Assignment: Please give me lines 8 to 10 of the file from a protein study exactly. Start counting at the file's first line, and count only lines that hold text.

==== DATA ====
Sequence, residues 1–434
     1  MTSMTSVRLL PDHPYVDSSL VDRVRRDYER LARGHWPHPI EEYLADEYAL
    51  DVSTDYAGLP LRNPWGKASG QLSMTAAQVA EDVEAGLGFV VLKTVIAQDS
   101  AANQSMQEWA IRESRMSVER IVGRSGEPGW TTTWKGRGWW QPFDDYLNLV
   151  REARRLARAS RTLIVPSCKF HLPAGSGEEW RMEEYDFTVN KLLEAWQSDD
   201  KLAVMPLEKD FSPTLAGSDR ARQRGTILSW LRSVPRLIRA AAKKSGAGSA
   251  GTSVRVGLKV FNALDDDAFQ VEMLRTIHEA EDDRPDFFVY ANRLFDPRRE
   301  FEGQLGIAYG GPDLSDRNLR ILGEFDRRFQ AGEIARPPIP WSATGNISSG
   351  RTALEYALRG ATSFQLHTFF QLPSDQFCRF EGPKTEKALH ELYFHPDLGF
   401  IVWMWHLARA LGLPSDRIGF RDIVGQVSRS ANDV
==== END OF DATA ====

   301  FEGQLGIAYG GPDLSDRNLR ILGEFDRRFQ AGEIARPPIP WSATGNISSG
   351  RTALEYALRG ATSFQLHTFF QLPSDQFCRF EGPKTEKALH ELYFHPDLGF
   401  IVWMWHLARA LGLPSDRIGF RDIVGQVSRS ANDV